Even if trees could hear and understand us, what would we say? “If you bloom for me this spring, then I will water you this summer, I promise!” “Come on, tree, when you sway in the wind like that around my house I get nervous.”
While literally talking to our trees will not do much for us, it is a great idea to listen to them. Besides, your large woody friend may be telling you something you need to hear!
Now, how do you listen to trees anyways? Trees are big, but they are not loud. Generally, they whisper. They only shout when the situation is very serious and by then it is often too late. To learn ‘tree talk’ you need to go outside and stand under the limbs of your favorite tree. Look up at the tree and listen. No, don’t put your ear to the trunk! Trees are not verbal – they use body language. Learning to talk tree means looking your trees over to hear them communicate their needs.
For example, are the smaller limbs leafy throughout most of their length? Are there plenty of full-sized leaves? If not, or if there are a lot of small dead branches, then the tree may be trying to say, “I’m hurt!” Some trees will even develop more small branches further down the trunk to replace ones at the top. Injured trees may allow lots of light through the branches.
When we see a tree’s canopy thinning, the tree is often saying that there is a root problem. Planting depth, drought, digging or driving around the tree, piling soil up next to it, and other factors can kill roots. Once the roots are damaged, the top responds and begins to decline. Listen to your tree. The roots are the most important part. Keep them healthy and the tree will usually flourish.
But, don’t believe everything you hear! Some tree owners get excited when they see lichens growing on weak trees. They say, “These things are killing my trees!” Lichens are grey-green, and often flat or ruffled, and stuck on the limbs. They can be peeled off. Ball mosses are similar, but grey-green and moss-like.
Any good tree can tell you, lichens do not damage plants. They just know good real estate when they see it, thus they grow on plants weakened by other factors. Investigate and correct the real problems that are causing your tree to decline and the tree may recover.
Another way trees warn us they are in trouble is by losing bark. This is a serious problem! Just ask any tree. A tree’s vascular system (like our arteries and veins) is just right under the bark. Once the bark dies and falls off this system is destroyed or disturbed in this area. The way I understand this is that if a tree loses bark from 50% of its diameter, it is like a person with a 50% heart blockage.
We cannot do much if your tree is in serious decline. It may take years to recover, if ever. Extension agents are generally called to the scene at this stage because too often we do not hear what our trees are saying until they finally shout at us by losing their limbs, leaves, etc. By then it is probably too late for meaningful intervention.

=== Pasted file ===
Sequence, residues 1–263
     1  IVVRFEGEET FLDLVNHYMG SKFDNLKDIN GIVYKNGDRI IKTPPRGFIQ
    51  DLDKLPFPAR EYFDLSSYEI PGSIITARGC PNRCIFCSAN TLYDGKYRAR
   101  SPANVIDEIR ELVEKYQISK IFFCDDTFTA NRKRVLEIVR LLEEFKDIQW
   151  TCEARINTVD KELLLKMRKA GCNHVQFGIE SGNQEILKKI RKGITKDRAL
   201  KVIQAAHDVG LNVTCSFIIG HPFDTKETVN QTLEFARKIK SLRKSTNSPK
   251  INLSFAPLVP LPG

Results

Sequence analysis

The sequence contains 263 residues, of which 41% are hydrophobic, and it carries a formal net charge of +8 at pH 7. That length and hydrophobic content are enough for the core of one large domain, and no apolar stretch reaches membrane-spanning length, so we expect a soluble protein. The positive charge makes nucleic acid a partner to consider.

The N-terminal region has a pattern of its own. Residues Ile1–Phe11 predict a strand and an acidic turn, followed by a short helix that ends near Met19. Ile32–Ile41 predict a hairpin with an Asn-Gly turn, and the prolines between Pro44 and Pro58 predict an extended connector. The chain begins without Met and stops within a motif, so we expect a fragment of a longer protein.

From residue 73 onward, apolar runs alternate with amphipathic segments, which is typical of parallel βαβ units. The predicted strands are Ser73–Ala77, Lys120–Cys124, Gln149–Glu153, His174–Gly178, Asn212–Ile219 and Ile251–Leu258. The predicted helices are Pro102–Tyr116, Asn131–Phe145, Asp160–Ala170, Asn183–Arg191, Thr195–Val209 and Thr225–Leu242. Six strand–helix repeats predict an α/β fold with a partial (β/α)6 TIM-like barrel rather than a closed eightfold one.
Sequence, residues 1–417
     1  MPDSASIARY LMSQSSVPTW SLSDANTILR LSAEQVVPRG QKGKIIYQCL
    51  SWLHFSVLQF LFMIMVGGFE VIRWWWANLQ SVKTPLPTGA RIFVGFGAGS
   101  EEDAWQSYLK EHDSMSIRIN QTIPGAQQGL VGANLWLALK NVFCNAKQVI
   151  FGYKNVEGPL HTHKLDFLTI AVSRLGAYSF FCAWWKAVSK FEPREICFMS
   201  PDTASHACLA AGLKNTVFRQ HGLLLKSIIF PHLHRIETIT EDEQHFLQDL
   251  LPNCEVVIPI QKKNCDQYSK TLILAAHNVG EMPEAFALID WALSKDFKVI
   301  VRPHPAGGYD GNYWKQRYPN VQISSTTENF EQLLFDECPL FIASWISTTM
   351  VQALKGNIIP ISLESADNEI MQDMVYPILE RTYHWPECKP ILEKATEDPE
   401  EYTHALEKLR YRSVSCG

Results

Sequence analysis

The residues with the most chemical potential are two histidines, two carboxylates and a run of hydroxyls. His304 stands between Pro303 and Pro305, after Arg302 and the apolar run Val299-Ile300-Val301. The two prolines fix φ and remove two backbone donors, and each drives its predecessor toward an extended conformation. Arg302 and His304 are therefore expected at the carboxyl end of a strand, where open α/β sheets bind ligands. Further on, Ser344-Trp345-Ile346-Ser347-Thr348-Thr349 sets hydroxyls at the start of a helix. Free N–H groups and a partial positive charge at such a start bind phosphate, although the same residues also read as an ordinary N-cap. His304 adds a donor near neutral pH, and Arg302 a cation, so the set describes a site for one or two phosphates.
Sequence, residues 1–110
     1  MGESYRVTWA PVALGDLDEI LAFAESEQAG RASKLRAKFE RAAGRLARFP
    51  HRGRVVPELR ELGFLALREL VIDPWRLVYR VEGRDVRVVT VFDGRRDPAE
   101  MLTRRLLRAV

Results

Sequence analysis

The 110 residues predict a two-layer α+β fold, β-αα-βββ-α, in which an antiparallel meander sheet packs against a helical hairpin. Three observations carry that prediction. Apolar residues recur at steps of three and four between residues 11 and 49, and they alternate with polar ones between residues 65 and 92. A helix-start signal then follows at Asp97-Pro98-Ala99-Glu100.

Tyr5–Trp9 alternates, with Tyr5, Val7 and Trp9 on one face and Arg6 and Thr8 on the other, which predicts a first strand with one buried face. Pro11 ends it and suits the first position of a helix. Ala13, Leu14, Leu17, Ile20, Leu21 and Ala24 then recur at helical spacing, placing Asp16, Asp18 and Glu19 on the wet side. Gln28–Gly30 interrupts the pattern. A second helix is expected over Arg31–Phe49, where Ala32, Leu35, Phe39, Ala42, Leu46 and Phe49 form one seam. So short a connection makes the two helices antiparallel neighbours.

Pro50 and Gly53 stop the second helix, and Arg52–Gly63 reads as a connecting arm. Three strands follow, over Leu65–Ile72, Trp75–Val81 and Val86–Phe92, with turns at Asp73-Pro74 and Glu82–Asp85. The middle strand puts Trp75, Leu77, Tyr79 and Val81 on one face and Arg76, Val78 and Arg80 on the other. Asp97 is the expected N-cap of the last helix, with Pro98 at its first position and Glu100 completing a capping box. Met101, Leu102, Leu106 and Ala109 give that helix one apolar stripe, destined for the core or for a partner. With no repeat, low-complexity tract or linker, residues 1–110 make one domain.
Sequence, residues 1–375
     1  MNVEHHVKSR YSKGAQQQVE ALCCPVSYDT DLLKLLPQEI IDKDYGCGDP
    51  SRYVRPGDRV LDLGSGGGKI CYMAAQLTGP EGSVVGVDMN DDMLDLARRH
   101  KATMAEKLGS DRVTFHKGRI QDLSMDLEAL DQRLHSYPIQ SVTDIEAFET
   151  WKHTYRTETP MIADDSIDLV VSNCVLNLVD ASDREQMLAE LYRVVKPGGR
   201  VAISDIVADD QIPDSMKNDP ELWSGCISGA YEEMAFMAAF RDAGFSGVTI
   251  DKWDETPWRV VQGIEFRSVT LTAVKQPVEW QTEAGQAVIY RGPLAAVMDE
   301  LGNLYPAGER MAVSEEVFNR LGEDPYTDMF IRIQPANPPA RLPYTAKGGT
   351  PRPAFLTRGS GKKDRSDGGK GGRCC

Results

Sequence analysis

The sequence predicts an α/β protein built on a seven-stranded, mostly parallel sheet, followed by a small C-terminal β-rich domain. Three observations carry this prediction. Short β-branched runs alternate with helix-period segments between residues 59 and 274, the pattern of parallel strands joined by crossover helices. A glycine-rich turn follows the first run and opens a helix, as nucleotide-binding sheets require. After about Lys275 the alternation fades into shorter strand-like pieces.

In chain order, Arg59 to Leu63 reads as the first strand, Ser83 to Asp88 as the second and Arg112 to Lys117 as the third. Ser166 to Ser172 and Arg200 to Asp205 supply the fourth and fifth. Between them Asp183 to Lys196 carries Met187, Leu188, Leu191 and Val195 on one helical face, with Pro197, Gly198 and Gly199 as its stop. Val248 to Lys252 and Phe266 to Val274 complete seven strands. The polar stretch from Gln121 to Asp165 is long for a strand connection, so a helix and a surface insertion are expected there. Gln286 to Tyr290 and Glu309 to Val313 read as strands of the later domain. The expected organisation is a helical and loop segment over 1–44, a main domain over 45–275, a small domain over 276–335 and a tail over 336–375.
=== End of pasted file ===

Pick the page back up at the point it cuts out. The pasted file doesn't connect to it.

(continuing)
So, check on your friend before it is too late. Improve tree health by watering during drought with one inch of water once a week (not every day!). Do not drive over or dig around their roots. Do not run into them with weed eaters or mowers.
Raising the grade (soil level) over a tree’s existing roots can have also a tremendously negative impact on the health and long-term survival of existing trees. When soil or any type of fill or mulch material is placed over a tree’s root system, the oxygen supply to the tree roots becomes impaired. Ultimately, this slows down the rate of gas exchange between the roots and the air in the soil pore space, and results in a long, slow death for the tree.
Planting too deeply leads to the same result. A telltale way to determine if a tree’s grade has been raised or if it was planted too deeply is whether or not you can see the tree’s root flare. A tree planted too deeply looks like a telephone pole coming out of the ground, whereas a properly planted and established tree flares at the base of the trunk at the soil line where it joins the root system.
Tree species, depth and type of fill, drainage, soil structure below the fill and the general vigor of the existing tree all influence the time it takes for the above-ground symptoms to appear. Thus, it might take anywhere from several months to as much as 5 years before significant symptoms of decline may be observed.
Additionally, while a layer of organic mulch can enhance a landscape’s aesthetic value and provide benefits, such as weed control and moisture retention, excessive mulch is detrimental to tree health. So if you have what horticulturalists call “mulch volcanoes” around your trees, you know what you need to do this weekend.
If you believe you have a tree or shrub that is planted too deeply in your landscape, if it was recently planted it can be lifted and replanted this fall or winter. To avoid excessive settling in future plantings, do not loosen the soil at the bottom of the planting hole. Root collar excavation, which is the removal of excess soil and mulch around the root collar (base of the tree), can sometimes be helpful.
Carefully remove the excess mulch or soil from the circumference of the trunk to the point where the trunk flares out into root growth. Arborists can perform root collar excavation by using an air spade, a special tool powered by an air compressor, which causes minimal root disturbance. The procedure is recommended for valuable or specimen trees.
For more information on conversing with trees and other plants, contact the Fannin County Extension office.